Bishop David spoke at the recent Mission Conference. Here is the full text of his talk.
We are called to be a missionary diocese. And so I want to share some thoughts about how I see things developing. And let me say, I do see things moving in the right direction. So within that context, let’s begin with a few challenging ideas which are holding us back.
There are many around our diocese who share with me their thoughts about mission.
For example many believe mission is everything they do in their parish community.
Others will say they are unclear about what exactly mission is.
Others suggest, even though they do not seem clear about what mission is, they do not feel prepared or trained to do mission.
Recently I was in another diocese and heard of someone who was quite aggressive to some Catholics, because they were involved in street evangelisation at Christmas time. Her problem? We Catholics keep our faith private; we just don’t do that sort of thing.
Then there are those who align mission with building a successful parish community. The trouble is, their understanding of success does not seem to align with what the Church suggests mission is about.
Now this is not an exhaustive list of views about mission. It’s enough though. And my hunch is that we need to be clear about what we are talking about before we continue to develop a diocesan strategy for mission.
Where do we start?
It is significant, the new Directory for Catechesis is published by the Pontifical Council for Evangelisation. A cursory view of the contents takes us immediately to the heart of the matter. The first chapter begins with a section entitled, Jesus Christ, revealer and revelation of the Father. This has two sub-sections, Revelation in God’s providential plan and Jesus proclaims the Gospel of salvation. This then is where mission starts and ends. With Jesus and His sharing with us, God’s plan of salvation.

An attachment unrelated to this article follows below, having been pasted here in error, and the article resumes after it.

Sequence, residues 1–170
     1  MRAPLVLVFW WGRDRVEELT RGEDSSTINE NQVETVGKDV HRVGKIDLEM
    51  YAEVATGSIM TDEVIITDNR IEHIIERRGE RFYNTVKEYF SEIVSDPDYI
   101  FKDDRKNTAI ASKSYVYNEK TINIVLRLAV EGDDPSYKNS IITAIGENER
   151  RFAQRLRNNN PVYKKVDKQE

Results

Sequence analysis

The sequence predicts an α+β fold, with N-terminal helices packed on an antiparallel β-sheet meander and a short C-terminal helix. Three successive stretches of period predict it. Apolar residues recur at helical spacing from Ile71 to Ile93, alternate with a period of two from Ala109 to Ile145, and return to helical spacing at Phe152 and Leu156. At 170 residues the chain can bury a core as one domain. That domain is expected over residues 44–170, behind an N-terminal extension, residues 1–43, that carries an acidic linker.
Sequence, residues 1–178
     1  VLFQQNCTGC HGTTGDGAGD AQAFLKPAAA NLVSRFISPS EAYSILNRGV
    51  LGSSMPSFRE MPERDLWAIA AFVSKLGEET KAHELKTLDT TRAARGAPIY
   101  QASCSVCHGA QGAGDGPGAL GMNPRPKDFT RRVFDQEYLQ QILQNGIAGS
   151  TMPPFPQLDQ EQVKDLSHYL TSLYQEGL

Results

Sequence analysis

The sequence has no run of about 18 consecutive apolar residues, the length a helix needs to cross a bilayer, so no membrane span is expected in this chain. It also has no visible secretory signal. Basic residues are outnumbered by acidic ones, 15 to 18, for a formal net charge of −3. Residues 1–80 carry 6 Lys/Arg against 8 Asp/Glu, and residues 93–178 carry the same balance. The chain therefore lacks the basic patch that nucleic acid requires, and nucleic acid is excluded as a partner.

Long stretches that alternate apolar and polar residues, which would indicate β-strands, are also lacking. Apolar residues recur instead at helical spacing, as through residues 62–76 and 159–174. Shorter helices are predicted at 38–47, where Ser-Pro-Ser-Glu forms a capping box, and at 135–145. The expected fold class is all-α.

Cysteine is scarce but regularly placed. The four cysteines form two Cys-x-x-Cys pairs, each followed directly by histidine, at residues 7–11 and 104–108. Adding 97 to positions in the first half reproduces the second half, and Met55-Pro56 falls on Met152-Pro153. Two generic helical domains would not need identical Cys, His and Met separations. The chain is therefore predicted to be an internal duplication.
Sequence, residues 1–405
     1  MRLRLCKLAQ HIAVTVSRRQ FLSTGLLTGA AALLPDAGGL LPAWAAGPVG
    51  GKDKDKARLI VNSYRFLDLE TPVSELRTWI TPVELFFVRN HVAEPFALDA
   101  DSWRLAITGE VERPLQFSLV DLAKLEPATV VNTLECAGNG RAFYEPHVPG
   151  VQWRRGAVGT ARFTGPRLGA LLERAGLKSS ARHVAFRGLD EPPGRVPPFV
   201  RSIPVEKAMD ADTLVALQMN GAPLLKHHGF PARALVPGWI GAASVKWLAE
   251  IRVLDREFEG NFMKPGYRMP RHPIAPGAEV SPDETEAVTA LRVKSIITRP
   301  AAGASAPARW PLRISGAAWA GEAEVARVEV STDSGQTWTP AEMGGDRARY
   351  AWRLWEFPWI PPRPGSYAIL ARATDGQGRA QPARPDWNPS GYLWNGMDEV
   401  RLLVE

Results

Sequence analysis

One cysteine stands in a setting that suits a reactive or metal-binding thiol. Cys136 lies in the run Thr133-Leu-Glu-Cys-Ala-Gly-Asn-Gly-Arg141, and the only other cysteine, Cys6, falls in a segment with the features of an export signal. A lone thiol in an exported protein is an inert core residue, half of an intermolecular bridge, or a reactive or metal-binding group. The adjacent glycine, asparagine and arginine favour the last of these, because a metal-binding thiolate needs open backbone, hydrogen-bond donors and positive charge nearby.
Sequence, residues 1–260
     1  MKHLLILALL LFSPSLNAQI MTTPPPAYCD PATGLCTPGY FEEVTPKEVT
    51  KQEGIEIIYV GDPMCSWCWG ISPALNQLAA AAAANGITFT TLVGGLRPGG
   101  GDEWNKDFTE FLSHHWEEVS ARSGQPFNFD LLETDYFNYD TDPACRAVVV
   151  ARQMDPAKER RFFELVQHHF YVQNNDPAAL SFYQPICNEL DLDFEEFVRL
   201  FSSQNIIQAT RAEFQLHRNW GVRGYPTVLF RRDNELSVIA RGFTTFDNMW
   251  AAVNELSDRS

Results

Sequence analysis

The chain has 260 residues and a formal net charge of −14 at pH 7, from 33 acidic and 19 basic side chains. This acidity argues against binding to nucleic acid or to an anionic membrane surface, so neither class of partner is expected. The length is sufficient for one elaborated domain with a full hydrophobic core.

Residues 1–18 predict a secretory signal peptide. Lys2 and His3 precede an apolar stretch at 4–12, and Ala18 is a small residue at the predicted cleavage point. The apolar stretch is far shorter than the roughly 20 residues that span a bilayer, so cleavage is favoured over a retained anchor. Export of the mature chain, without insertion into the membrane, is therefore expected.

To my mind, most of the fruits of the recent diocesan synodal conversations somewhat missed the mark. They were concerned with the Church as structure and institution, and seemed to think if we made some dramatic changes to all this, things would be better. I realise this is not all that was said, but enough was shared which made me realise, the focus is not on Jesus.
Now please don’t underestimate the number of problems we are facing within our diocese in these times. We have a number of important decisions to make, about our deployment of clergy, about the falling numbers of people attending Sunday Mass, about our properties, about what we can afford to do in the years ahead. But none of this begins to address the fundamental and most important problem we have, our understanding of what the Church is for?
The new Directory for Catechesis says something which was first proclaimed by St Pope Paul VI in Evangelii Nuntiandi. ‘There is no true evangelisation if the name, the teaching, the life, the promises, the kingdom and the mystery of Jesus of Nazareth, the Son of God are not proclaimed.’ (DC 37, EN 22) How is this done? The Directory does not provide an exhaustive list, but suggests these are some noteworthy forms,
– the first proclamation
– the various types of catechesis
– the homily and preaching
– prayerful reading, including in the form of lectio divina
– popular piety
– the biblical apostolate
– the teaching of theology
– educational instruction in religion
The Directory deals next with evangelisation in the contemporary world, suggesting that the world we are living in today means there is a new stage of evangelisation. And there is a bold statement that should not be overlooked, ‘the Holy Spirit is the soul of the evangelising Church.’ (DC 39)
At this point, we are now in a position to look at the diocese and to see if we are becoming a missionary diocese. We can also look at how the vision of mission is evolving a year after our last conference. And I want to say, in what I will share with you now, there are as many questions as there are clear statements of missionary endeavour.